3. Experimental results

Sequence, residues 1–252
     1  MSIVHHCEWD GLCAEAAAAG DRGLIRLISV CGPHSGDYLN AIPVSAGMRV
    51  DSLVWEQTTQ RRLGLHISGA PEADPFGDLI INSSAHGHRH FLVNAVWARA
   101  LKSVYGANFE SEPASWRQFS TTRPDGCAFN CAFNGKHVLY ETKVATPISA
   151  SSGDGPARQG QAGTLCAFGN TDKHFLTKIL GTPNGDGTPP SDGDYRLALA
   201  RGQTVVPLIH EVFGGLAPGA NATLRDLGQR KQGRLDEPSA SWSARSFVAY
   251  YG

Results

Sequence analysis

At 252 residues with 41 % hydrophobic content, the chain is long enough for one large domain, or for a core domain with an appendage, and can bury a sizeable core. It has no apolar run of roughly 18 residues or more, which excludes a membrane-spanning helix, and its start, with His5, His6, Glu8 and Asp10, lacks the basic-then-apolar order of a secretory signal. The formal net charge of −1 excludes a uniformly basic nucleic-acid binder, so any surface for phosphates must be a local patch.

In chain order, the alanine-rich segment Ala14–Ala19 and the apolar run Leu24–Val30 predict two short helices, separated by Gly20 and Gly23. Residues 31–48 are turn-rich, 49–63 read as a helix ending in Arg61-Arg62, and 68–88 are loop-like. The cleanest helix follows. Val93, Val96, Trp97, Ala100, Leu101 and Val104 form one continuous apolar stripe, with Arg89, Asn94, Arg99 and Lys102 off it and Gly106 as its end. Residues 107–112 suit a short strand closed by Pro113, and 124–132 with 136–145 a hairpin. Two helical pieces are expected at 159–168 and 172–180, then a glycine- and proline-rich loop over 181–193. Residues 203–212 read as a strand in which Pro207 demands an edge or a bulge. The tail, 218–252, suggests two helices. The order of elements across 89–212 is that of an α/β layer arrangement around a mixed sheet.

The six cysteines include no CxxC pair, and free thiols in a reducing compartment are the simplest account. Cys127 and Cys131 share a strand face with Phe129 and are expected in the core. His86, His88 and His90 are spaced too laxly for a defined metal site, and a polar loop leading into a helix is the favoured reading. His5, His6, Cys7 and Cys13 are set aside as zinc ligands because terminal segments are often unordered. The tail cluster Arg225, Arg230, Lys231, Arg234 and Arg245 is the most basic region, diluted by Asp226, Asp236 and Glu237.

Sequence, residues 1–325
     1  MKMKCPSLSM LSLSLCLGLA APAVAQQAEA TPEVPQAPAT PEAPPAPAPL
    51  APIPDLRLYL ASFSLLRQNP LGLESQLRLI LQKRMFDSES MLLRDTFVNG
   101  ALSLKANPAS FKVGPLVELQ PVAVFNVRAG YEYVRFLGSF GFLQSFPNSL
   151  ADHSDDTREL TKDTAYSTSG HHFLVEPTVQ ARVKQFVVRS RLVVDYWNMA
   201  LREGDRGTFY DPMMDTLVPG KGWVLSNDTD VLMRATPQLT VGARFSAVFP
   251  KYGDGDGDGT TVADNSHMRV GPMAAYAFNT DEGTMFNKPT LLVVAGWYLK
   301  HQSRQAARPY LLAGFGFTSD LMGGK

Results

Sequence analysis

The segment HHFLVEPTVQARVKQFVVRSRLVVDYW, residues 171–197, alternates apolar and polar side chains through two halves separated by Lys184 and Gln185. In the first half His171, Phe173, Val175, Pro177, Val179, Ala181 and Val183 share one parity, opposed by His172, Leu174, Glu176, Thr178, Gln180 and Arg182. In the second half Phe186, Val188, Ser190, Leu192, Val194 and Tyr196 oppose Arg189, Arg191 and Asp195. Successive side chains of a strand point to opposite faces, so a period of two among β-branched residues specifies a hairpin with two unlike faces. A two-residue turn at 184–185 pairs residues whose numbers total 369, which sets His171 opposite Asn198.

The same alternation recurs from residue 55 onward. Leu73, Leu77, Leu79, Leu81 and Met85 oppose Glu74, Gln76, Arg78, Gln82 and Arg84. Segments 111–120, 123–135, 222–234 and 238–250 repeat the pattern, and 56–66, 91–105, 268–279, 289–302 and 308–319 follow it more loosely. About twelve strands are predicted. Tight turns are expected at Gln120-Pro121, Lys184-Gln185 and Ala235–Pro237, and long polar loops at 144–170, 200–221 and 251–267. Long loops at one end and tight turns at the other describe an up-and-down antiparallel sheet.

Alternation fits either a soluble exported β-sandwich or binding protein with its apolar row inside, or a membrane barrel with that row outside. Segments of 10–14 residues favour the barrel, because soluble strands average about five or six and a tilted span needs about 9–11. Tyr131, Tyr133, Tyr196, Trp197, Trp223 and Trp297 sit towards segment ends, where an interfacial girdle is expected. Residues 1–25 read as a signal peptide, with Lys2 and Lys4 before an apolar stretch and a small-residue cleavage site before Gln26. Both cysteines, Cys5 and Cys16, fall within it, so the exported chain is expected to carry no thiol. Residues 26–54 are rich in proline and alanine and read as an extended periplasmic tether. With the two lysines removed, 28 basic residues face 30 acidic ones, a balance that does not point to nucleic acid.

The light-current (L-I) characteristics of the DFB-SEL is measured on chip by collecting light out of both sides of the laser with integrated silicon evanescent photo-detectors. To determine the laser power output, we assume 100% internal quantum efficiency of the photodetectors  in order to conservatively assess the laser performance. It can be seen from Fig. 3 that at 10 °C, the lasing threshold is 25 mA, with a maximum output power of 5.4 mW. This corresponds to a threshold current density of 1.4 KA/cm2, which is slightly lower than the 2 KA/cm2 and 1.7 KA/cm2 seen in previously demonstrated Fabry-Perot  and Racetrack  SELs, respectively. The maximum lasing temperature is 50 °C. We attribute the ripples in the L-I curve to instabilities caused by reflections off the right on-chip detector and observed that they disappear once the detector is diced off. The device heats as current injection levels are increased, changing the phase of the light reflected off the right detector. The secondary y-axis of Fig. 4 shows voltage-current curve with a laser turn on is ~1.8V. The laser has a 13 ohm device series resistance. This value scales appropriately with the 4.5 ohm resistance measured on 800 µm long Fabry-Perot lasers with similar III-V mesa dimensions. The lasing spectrum is taken by dicing off the right photo-detector, polishing, and anti-reflection coating the silicon waveguide output facet. Light is from the collected with a lensed fiber into an HP spectrum analyzer with a 0.08 nm resolution bandwidth. Figure 5 shows the spectrum with a 10 nm span with the laser being driven at 90 mA. The laser has a lasing peak of 1599.3 nm and a side-mode suppression ratio of 50 dB. It can be seen from the inset that the laser operates single mode over a 100 nm span.